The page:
The only way to know if your loyalty or other guest-engagement campaigns are succeeding is to track them and analyze your results. Unfortunately, even numbers that appear straightforward can contain hidden implications.
Depending on how you look at your data, a campaign can seem like a roaring success or a misfire. But sometimes it requires further analysis to determine if your initial assessments are accurate.
In worst-case scenarios, you may discover that a campaign you decide to run again based on previous positive data had been a misfire the entire time. Not only are you producing unfavorable results, but you are also wasting time, manpower, and money.
For example, let’s say you set up a “We Miss You” campaign. These are fairly common loyalty program campaigns in which you send out an offer to people who have not visited your stores in a while to encourage them to return. After deciding that you’re going to set up a campaign for people who have not visited in 60 days, you send them a coupon for 15 percent off an entrée.
Once you’ve run the campaign and examined your results, the numbers look great. Many guests who had not visited in 60 days made visits during the campaign period and used the coupon you sent them. It seems like the campaign was a resounding success!
But was it truly successful? Sometimes results in campaigns like this are deceiving. […]
Your brand needs to connect with millennials now – it’s crucial to the future of your business. At over 75 million strong, millennials dominate the U.S. population. This generation, born between 1980 and 1996, holds around $1.3 trillion in spending power, according to Boston Consulting Group, and they haven’t even reached maximum earning power…yet.
The age gap in the millennial generation is the root of many marketing communication challenges. The 20-year olds could be at college with irregular daily schedules, limited budgets, and a single relationship status. While on the other end of the spectrum, 36-year old millennials are likely to be married homeowners with children. Do individuals from age 20 to age 36 have enough common characteristics to be lumped together as a single target audience?
Reward programs have been around for years. Airlines, hotels, and restaurants adopted these programs decades ago. Convenience stores on the other hand, seem to prefer club programs and simple promotions like 3 cents off per gallon or short term, low value programs.
At a high level, mass promotions are a great business strategy, driving more visits and spend. Most of the time they are also paid for by the CPG vendors, so the cost of running these promotions is minimal to the convenience store. Mass promotions and eblasts get brands quick wins and compel customers to make purchases with the incentive of getting an item for free.
Most mass eblast promotions are the standards “Buy 1 coffee, Get 1 coffee Free.” Let’s think about this from the customers’ point of view, […]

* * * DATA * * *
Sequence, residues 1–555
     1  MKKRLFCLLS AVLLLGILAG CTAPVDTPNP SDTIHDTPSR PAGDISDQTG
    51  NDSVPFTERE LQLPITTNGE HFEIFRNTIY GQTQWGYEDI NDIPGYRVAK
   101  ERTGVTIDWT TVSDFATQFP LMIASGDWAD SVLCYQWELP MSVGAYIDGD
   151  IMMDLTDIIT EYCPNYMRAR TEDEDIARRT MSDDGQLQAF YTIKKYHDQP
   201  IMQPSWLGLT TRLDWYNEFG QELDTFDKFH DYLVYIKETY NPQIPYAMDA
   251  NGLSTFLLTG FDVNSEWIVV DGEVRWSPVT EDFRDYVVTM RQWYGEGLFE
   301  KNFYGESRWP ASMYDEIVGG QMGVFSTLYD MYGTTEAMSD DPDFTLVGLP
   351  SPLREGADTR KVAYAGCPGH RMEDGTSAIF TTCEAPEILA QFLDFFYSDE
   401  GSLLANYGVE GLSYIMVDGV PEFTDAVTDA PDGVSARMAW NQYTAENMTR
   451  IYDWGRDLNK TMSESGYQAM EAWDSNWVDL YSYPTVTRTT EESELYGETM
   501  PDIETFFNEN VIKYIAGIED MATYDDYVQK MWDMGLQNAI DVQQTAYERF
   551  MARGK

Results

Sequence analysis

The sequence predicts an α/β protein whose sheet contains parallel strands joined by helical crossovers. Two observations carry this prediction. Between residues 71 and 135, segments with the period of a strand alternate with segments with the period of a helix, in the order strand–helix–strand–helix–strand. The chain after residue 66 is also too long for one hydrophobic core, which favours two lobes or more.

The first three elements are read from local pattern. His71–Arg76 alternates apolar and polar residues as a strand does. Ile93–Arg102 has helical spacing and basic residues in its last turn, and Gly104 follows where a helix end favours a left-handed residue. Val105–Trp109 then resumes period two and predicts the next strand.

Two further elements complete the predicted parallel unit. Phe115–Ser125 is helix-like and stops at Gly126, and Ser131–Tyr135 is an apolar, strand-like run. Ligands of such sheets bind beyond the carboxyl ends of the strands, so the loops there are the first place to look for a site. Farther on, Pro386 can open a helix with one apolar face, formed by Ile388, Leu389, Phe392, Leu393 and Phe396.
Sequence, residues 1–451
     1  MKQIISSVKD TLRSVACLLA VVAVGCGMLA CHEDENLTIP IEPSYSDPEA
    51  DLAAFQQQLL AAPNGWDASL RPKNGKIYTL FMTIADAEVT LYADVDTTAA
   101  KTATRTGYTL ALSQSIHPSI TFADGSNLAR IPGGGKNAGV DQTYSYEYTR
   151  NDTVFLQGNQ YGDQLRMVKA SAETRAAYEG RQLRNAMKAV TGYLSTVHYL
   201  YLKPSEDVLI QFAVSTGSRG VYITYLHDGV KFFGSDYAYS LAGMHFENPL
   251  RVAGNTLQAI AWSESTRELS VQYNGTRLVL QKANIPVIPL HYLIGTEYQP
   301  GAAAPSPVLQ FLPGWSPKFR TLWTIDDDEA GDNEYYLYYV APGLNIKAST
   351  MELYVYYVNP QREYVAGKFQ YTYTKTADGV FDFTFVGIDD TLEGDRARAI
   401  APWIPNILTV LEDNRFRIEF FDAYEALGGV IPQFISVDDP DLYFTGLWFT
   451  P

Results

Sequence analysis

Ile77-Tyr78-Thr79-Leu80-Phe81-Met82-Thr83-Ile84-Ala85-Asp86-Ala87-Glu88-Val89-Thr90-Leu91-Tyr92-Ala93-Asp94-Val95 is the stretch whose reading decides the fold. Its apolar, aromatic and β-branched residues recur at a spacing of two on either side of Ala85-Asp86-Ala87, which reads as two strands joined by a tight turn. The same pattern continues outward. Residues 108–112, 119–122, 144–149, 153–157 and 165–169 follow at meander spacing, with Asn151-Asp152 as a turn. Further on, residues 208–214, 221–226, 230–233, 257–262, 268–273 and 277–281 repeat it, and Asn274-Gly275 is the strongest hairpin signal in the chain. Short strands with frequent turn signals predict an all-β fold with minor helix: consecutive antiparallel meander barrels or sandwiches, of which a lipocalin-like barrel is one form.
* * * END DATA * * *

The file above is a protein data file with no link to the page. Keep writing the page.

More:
With a greater understanding of customer spending and visit habits, marketing becomes more agile, is able to make informed decisions, and can ultimately compel repeat visits and increase baskets through relevant engagement.
There are three main factors that make a loyalty program successful:
A well-designed program. Core loyalty programs typically motivate members to increase visits and spend. Customers need to feel the value of being a member. They should be earning a reward around every 4 to 6 visits. It is best to make sure you have low-value redemption options such as a cup of coffee or a candy bar that customers can work towards redeeming and feel as though they are being rewarded fairly.
Running various kinds of promotions is another key component in a well-designed program. Promotions keep the program interesting and fresh in the eyes of the customer. Getting a surprise reward makes customers excited and more willing to engage in the program.
CPG deals that are aligned with your brands goals. Vendors have their own interest that may not always align with your bottom line. Ensure CPG-sponsored promotions are driving extra traffic into your store, or add incremental spending. Good relationships with vendors allow your brand to work with them on promotions and ways to effectively use their funds. Instead of running a buy one get one free promotion you can use these funds in different ways to drive more visits and spend. For example, drive more full price purchases of an item and in return your customers can earn bonus points towards their next reward.
Support from all levels of your organization. Programs succeed when executive buy-in is present. Harnessing the influence that the top of the organization wields reaches all aspects of the program from motivating general managers to train staff and be accountable for the program metrics in their district to addressing franchisee concerns about discounting. When buy-in is present throughout the entire organization, brands will try new things and continually evolve the strategy that makes an impact on the business.